Johannesburg-based Standard Bank has set its eyes on Africa’s millions of small shop owners and informal retailers. In a bid to convert them to potential customers, the bank has invested around $4 million in Nomanini, a Cape Town-based fintech company that connects informal merchants with distributors through an e-wallet.
Standard Bank will use Nomanini’s technology to collect and analyse data on retailers. The data will help the bank understand the retailer’s creditworthiness, ordering patterns, and also build up a financial profile. The bank will then send the retailer alerts and also offer to arrange and underwrite their next orders.
To facilitate this, Nomanini or Standard Bank devices will be supplied to the traders. They could also leverage other existing networks or devices from third parties. The bank also plans to offer these retailers its financial services, like cash deposits and withdrawals.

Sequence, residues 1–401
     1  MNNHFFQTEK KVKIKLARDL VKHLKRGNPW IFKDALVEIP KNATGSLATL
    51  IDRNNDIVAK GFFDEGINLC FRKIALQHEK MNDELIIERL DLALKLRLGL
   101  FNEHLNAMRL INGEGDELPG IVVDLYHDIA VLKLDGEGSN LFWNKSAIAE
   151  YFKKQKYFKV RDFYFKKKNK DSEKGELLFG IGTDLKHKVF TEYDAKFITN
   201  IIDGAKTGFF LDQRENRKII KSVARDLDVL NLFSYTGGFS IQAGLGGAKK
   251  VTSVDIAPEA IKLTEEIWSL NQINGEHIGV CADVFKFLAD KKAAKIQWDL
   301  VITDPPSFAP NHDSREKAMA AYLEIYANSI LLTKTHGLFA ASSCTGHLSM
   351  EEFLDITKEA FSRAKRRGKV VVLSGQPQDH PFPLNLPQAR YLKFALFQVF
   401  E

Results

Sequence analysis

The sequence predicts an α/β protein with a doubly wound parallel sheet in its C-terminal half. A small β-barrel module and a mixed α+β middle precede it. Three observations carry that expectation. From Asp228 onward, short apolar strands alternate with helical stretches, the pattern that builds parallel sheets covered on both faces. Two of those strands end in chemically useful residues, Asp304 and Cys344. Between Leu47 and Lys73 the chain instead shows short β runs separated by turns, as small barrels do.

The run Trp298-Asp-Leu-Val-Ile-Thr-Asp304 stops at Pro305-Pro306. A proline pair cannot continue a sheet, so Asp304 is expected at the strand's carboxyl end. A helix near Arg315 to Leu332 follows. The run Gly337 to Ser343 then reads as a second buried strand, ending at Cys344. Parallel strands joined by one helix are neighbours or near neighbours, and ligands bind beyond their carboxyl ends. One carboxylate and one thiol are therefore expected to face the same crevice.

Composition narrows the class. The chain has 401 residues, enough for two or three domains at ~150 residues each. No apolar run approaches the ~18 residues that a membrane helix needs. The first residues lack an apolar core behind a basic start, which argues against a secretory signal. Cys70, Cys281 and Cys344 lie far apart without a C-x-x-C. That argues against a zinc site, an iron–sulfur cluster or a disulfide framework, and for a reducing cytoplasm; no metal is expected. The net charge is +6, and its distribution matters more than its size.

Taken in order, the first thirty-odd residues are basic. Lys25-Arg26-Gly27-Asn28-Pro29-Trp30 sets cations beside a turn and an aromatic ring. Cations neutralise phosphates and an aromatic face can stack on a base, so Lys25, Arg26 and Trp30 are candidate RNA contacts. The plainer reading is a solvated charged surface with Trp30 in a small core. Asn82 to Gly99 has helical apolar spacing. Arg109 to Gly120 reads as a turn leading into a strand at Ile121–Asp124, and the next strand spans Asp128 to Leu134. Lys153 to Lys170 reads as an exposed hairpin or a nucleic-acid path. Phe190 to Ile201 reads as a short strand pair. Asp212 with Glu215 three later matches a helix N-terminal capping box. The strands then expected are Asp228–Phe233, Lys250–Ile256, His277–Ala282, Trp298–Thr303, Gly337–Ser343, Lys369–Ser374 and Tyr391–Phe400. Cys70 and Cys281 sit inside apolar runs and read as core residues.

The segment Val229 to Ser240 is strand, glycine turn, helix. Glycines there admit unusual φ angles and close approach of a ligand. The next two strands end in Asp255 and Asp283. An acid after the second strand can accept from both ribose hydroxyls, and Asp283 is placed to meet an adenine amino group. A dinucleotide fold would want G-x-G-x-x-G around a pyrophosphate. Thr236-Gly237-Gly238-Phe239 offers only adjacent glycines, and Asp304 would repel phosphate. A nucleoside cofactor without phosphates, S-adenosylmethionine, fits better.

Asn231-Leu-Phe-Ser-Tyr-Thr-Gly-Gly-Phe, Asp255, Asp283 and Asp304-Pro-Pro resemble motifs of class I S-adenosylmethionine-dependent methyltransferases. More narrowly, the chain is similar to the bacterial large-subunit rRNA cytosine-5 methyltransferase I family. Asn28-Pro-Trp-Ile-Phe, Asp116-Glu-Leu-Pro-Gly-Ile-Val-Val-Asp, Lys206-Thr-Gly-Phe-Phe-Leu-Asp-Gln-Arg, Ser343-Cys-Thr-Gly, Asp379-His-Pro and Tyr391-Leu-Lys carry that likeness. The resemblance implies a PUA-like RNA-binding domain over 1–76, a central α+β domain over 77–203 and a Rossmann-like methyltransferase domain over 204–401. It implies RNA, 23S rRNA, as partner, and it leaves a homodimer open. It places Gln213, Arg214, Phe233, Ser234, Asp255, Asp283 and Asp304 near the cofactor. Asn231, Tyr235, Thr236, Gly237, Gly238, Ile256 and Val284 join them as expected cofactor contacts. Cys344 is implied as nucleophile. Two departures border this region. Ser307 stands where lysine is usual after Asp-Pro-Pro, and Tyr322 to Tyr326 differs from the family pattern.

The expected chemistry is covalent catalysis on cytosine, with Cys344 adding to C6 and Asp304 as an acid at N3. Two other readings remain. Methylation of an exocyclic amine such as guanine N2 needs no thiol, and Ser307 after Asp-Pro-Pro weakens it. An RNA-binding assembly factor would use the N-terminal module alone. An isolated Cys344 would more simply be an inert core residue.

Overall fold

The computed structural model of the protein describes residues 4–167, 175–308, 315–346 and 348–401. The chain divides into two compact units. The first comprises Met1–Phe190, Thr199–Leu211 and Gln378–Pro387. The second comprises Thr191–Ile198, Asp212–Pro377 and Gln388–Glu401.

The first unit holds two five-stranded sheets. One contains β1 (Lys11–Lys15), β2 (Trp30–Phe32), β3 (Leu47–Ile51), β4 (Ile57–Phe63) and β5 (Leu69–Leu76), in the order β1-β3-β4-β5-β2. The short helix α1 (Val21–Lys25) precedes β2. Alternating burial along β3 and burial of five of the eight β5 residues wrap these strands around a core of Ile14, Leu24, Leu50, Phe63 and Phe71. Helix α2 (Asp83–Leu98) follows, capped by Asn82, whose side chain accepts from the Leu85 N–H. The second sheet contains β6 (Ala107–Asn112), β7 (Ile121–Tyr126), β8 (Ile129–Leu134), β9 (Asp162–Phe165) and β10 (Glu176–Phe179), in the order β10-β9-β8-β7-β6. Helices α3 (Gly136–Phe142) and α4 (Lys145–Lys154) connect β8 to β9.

Standard Bank and fintech firm Nomanini will roll out their service in South Africa, Zambia, Mozambique, Malawi, Angola, Zimbabwe, Namibia, Ghana, Nigeria, Kenya, Tanzania, Eswatini and Lesotho.
According to a research report, 90 percent of the retail transactions in Africa are carried out through cash or through informal channels such as kiosks and open-air markets.
With this move, Standard Bank will take on mobile operators that dominate the financial services market in African countries like Kenya. However, the bank expects its product offerings such as short-term savings and insurance to give the bank an edge over its competitors. Standard Bank will also face competition from FirstRand that has adopted an almost similar strategy to Standard Bank’s.
Recently, Standard Bank became the first African bank to join the blockchain-based trade finance network, the Marco Polo Network. It will help the South African bank develop financial trade solutions together with global financial firms such as Dutch ING and BNP Paribas.